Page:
i also wonder why you are so sure it’s your graphicscard causing all the trouble… i mean, sporadic crashes could be due to virtually anything, soft- and hardware-wise.
but if you’re sure it’s your gf3, maybe check if the little GPU fan is still spinning. those little beasts tend to fail after a year or two if you’re unlucky.
No messages at all, the computer freezes and then I can’t do anything else but just restart the computer. But as I’ve edited in the original post now, I made a GPU test and the computer froze… So, I don’t what else to blame than the GFX card and/or relevant software and/or hardware mis-preferences.
Nope same monitor which I’ve had as long as everything else.
But now when you mention it… At my system info it says “Plug and play”, while the model name is Scaleo C994. Maybe I should search for some drivers for it. Not sure if this should matter that much though.
It can also be just dusted.
Fans that attract dust through the electrostatical magnetism clog it up underneath them in the cool-ribs and then the cool-ribs do the opposite of what they supposed to do:
Instead of conducting the heath up, it retains the heat and the fan has no airflow because of the dust-cloth covering the guidance.
Cleaning your fans every 6 months extends your hardwares life longer.
If you wait until the glitches show up, cleaning them out may not be resolving anymore, it may help out to lower your average amount of crashes a day or session.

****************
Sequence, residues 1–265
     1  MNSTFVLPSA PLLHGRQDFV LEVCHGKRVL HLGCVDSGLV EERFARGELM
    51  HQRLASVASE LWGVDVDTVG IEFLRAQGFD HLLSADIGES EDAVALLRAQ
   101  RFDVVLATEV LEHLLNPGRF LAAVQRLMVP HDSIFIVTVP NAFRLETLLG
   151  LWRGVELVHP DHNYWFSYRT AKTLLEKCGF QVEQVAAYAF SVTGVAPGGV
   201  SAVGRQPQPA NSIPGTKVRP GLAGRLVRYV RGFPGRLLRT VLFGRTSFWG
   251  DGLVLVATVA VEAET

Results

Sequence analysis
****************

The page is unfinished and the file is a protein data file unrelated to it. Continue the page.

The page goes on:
I lost performance of my GPU that way, it started showing glitches when it gets warm and with certain routines, the whole pc freezed up, only thing remaining was pull the plug and restart the system from blink.
Eventually i could RIP the card and buy a new one.
I do recall someone having similar problem-like random crashes.
The solution was that the guy had an incompatible Intel PIV mainboard Powr supply. (It lacked an extra powerline to power the bus, which is in some cases needed) This is a plug with four pins just like the ordinary atx plug, but then ofcourse a fraction of that size.
If your mainboard has a four-pin socket but no plug into it, you may have an underpowered data-bus and can only be solved to purchase a power-supply that has this extra plug, or modify your psu by yourself in a manner that you can attach this plug by yourself. (be carefull applying the right specs though else you might burn up all your circuits)
i’d suggest swapping as many individual hardware parts as possible with those you know to be working properly.
exchange them one ofter the other… like first the ram, test renoise, then the graphics card, test renoise, then the CPU, test renoise… etc.
this way you could narrow down the problem to a specific component in your PC.
another spare HD would also be handy so you could make a clean install of XP or any other OS of your choice for testing purposes and the whole trial&error process.